Saudi mining industry good as gold
When you think of big mining countries, China, Australia, and the US come to mind. Statista’s 2018 figures show these three countries lead global mineral production with $183 billion, $143 billion, and $93 billion respectively.
Saudi Vision 2030 designated mining as the third pillar of the oil, gas, and petrochemical industries, slated to create more than 200,000 direct and indirect jobs.
It’s time investors’ eyes start looking Saudi’s way.
Big mining plans for 2030
The Saudi mining sector in 2021 reached 83 billion riyals ($22.41 billion), and by 2030, the Kingdom is expected to reach 240 billion riyals ($64.8 billion).
A new mining law combined with rich mineral deposits creates safe and profitable opportunities for companies and thousands of sustainable jobs for Saudis.
According to Bloomberg, Saudi mining investments will arrive from foreign and local firms, including state miner Maaden.
For the first time, Saudi will start to auction exploration licenses to foreign investors. The sale will be for deposits of copper, zinc, gold, silver, and lead in mines located 200 kms from Riyadh.
Saudi mining law
The Saudi mining law, approved in 2020, was created to facilitate securing licenses and inviting investors to the industry.
Following advisory meetings with the World Bank, the Ministry of Industry and Mineral Resources issued a mining law that adopted international exploration and mining standards.
It also puts no requirements on foreign investors to have a local partner in the Kingdom, provides easy access to financing, and supports exploration and geological survey activities.
Saudi’s vice-minister for mining affairs
Speaking at the Jan 11-13 Future Minerals Forum in Riyadh, Khalid Al-Mudaifer, the Kingdom’s vice-minister for mining affairs, said that the region has “the potential to provide the critical minerals the world needs.”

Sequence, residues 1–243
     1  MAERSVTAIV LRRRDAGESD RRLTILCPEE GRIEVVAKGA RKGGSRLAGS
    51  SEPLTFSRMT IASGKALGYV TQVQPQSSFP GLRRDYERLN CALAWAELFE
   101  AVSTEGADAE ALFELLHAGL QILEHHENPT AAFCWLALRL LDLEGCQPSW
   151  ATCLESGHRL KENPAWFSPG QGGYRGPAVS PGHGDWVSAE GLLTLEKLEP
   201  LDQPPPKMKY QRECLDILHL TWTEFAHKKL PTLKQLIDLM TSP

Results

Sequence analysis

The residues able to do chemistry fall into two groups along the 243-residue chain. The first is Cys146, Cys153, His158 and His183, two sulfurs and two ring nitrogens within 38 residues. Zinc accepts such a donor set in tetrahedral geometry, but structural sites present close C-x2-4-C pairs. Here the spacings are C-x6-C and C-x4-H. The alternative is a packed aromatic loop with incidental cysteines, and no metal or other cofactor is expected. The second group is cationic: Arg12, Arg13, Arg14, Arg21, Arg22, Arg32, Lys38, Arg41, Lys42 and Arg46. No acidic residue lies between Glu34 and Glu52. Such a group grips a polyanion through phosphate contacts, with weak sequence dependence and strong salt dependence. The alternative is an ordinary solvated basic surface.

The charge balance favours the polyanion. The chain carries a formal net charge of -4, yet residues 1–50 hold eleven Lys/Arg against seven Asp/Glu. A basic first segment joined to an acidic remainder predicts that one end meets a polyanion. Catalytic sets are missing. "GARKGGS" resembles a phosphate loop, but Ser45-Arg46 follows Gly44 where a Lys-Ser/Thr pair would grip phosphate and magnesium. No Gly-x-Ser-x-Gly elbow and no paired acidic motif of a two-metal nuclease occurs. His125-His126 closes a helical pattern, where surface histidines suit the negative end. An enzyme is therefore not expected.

The forum saw the launch of the first digital platform specialized for the application and supplies of Arab industrial and mining products.
The Kingdom’s gold revenues range between 3 to 4 billion riyals, with a production volume of about 400 thousand ounces of gold.
In a statement to Saudi Press Agency (SPA), Al-Mudaifer revealed that the Saudi gold mining sector currently has six mines, including Mahd Al Dahab, Bulghah & Sukhaybarat, Ad Duwayhi, As Suq, and Al Amar.
He added 6 other mines will be inaugurated, including the Mansoura and Marsa mines, where the government estimates will require investments of over 4 billion riyals ($1.08 billion).
In addition, Al-Mudaifer estimated Saudi’s mineral wealth at 5 trillion riyals ($1.35 trillion), with deposits spread between phosphates, gold, copper, zinc, and rare earth minerals such as tantalum, niobium, and aluminum.
Technology, and safety
Saudi mines are making use of proximity detection technologies to make mobile fleet operations safer. Further upstream, Saudi is implementing plans that use AI as well as satellite imagery in mineral exploration.
Saudi mine exploration
The largest operation in development in Saudi Arabia is Ma’aden’s Mansourah & Massarah gold mine.
Geologists expect this one mine alone to extract 1/4t of the gold production towards Ma’aden’s strategic target of 1 Moz (million ounces) per year by 2025.
Other projects in development include KEFI Gold and Copper’s Jibal Qutman.
Saudi miners discovered Gold, copper, zinc, and silver among 25 million tons of rock near Taif, western Saudi Arabia.
Gold and Mineral Co, a joint venture between global and local partners made the discovery and now plans to launch a mine at a cost of nearly $200 million, that will employ some 700 people.
Moreover, the company expects to start producing in 2025, but will first need to design the mine in a way to avert creating environmental damage.